As many of you know by now, this past weekend I rode in the PMC with my sons, Jacob & Sam, and my husband Eddie. Before I say another word, I want to thank everyone for your support, be it emotional, financial, spiritual, humorous, or in the form of helping my family and me logistically make this happen. There are so many different aspects to doing the PMC…from buying a bike & gear to training, from figuring out how/when to get a ride to Sturbridge to coordinating pick-up in Boston, from packing lightly (???) to packing the right gear (waterproof would have been helpful), and then to add two teenagers into the mix and making sure they are covered and all set…it’s slightly crazy to manage. And then, there’s the fundraising. Always the fundraising. Lots of moving pieces, and luckily, a big enough support system to make it happen with ease. For that, I am forever grateful. Many thanks to each & every one of you who pitched in to help us make this happen. We could not have done it without each & every one of you…you know who you are.
This year was particularly emotional for me, perhaps because of age/perspective, and also because I was surrounded by the majority of my family. Each year this ride has more and more of an impact on me. This was my 8th year doing the ride, and my 5th year connected with Tommy, our Pedal Partner. This year was the year of the pig.
There are multiple water stops along the PMC route, but the one that pierces my heart is water stop number 4 – the Pedal Partner stop. The road leading up to this stop is decorated with huge pictures of kids who are fighting cancer & who have partnered with a PMC team to become that team’s Pedal Partner. The poster-size pictures grab your attention and instantly form a lump in your throat. Face after face after face after face. Tommy wasn’t able to make it to the PMC this year because he had an MRI scheduled. On a Saturday. Because when you have cancer, you can’t just deal with it Monday through Friday. Tommy’s mother sent our team an email Saturday morning telling us what Tommy’s schedule would be that day, so ‘if we ever needed inspiration along the ride, we could look at the time and think of what Tommy was doing at that moment.’ This year, in honor of Tommy, we found out that his favorite animal/cartoon is a pig, and my teammates and I decorated our helmets with stuffed little pigs. (Chloe M – a huge thank you to you for coordinating this effort, for finding the pigs, putting them into bags with pipe cleaners & a good luck note to boot…I love you & think you are amazing).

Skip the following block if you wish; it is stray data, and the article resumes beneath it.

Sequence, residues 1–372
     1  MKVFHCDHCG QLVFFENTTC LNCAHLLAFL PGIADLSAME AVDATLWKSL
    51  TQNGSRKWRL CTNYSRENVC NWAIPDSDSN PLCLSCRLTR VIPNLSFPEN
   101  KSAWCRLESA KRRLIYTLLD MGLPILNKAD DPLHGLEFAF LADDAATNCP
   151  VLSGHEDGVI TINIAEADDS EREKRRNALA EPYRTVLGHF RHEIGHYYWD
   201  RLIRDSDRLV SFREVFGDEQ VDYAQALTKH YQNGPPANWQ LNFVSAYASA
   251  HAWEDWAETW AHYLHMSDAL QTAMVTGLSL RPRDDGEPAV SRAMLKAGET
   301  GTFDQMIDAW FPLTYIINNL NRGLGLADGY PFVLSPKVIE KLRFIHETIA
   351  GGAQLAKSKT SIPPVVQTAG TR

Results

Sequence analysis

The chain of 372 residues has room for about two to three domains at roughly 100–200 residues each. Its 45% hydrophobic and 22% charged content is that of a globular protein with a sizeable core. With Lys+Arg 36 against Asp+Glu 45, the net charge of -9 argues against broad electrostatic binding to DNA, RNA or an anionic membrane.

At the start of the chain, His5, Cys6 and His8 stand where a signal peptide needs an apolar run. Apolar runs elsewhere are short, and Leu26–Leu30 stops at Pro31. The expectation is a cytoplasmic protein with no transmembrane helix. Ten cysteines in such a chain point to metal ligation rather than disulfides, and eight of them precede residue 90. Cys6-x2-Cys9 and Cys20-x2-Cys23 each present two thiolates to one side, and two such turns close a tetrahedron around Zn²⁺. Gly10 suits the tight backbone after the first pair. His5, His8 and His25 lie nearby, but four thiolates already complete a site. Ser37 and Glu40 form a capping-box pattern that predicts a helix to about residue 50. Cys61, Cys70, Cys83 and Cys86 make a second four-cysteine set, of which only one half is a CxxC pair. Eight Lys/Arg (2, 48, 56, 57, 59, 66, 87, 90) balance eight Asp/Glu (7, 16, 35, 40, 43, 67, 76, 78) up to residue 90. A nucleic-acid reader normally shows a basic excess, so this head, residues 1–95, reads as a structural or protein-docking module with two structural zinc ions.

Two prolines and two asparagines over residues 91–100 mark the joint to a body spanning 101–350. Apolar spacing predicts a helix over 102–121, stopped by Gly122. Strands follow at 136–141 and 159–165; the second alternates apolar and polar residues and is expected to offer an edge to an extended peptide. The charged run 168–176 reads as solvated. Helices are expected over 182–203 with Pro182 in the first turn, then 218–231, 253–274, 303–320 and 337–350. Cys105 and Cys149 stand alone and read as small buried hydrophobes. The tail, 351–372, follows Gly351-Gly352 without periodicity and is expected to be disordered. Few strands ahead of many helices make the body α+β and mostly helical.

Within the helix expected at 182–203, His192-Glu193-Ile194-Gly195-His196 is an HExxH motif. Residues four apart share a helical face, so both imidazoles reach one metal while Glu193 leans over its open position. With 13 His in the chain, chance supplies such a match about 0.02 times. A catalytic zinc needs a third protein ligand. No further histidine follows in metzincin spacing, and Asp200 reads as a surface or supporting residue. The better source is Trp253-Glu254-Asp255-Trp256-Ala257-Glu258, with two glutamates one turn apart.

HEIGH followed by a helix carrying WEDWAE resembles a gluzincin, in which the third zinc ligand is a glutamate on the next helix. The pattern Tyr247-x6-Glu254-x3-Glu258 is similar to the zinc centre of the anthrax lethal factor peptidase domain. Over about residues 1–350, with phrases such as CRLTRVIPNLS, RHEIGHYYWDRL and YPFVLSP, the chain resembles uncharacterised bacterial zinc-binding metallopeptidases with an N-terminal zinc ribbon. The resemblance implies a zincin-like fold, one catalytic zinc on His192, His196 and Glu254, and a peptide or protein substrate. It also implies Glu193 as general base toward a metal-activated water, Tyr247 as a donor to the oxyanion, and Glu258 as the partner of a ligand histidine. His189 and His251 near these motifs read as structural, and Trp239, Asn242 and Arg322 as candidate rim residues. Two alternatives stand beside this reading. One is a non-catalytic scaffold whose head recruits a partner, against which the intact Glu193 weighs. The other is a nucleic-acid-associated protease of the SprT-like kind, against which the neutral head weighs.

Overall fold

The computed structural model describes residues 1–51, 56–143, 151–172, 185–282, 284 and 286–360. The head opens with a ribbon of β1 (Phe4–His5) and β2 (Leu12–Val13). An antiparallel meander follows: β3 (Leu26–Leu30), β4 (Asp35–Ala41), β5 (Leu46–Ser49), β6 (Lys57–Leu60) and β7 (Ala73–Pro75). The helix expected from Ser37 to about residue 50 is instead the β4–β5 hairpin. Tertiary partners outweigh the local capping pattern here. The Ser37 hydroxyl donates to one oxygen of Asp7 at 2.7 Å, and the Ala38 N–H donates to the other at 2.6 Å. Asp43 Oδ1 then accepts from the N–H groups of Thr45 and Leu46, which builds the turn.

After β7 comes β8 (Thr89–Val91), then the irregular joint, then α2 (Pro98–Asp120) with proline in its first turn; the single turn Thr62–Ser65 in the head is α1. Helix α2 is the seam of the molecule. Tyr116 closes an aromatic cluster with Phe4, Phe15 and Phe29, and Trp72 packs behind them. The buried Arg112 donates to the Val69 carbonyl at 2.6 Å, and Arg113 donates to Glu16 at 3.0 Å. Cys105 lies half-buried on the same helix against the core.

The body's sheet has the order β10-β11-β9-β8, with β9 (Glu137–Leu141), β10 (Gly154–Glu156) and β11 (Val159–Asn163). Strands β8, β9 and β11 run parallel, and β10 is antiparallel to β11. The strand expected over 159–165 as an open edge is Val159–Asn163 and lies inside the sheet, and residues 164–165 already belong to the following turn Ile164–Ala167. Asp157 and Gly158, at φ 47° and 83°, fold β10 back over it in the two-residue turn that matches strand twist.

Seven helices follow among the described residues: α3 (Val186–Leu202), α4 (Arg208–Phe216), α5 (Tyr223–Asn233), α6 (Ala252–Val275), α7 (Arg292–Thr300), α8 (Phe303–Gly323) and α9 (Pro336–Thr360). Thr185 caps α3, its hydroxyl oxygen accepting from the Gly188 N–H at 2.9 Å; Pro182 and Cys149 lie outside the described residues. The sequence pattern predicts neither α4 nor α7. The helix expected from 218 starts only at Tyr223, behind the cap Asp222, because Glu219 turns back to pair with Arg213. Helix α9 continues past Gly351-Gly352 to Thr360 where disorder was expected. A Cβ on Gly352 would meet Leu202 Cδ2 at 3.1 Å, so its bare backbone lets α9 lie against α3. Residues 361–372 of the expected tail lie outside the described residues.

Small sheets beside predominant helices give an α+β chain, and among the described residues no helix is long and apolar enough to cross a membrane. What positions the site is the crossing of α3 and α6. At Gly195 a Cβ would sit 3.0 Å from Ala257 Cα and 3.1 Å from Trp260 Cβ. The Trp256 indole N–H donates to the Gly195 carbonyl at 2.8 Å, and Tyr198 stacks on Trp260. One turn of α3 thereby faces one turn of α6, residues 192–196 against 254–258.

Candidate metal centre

The pigs had a wild & wet ride this weekend. Some made it the entire way on helmets, others ended up napping in back pockets, and mine landed a ride right behind my handle bars.
The pigs got drenched. The pigs got dirty. The pigs sparked a lot of conversations among the many PMC riders…a few of my favorites revolved around whether the pig was helping me pedal, if the pig trained for the ride, if the pig had bacon for breakfast, if the pig was waterlogged…etc etc.
For me, the pig on my frame reminded me why I do the PMC. I would look down at my computer to see how far we had gone, see the pig, think of Tommy, think of his mother’s email, and try to fight back the tears, the reality & unfairness of cancer.
My team & my family finished the ride without issue or major injuries. The riding conditions were horrible and dangerous, cold & unfriendly, and yet 5,700 people rode their bikes, and 3,700 volunteers showed up and helped in the pouring rain and hundreds upon hundreds more people gathered on the road along the entire route, ringing cow bells, blowing bubbles, playing bagpipes, drumming on anything metal, dancing, coffees in hand, toddlers by their sides. Some dressed up in costumes – I saw two lobsters, one pilgrim and many kilts. Da Hedge, otherwise known as the Cape Cod Sea Camp was in full force this year, wearing Vineyard Vines pink foam whales on their heads. Perhaps the most striking image from the weekend was the elderly veteran who stood alone in the fog and drizzle at 5am on Sunday, silently saluting the riders.
I met Tommy and his family last night at Kimballs and gave my pig to Tommy. For Tommy, it’s just another stuffed animal that hopefully will make him giggle and brighten his days. For me, the pig will always represent PMC 2014 and the fact that we cannot stop fighting to find a cure.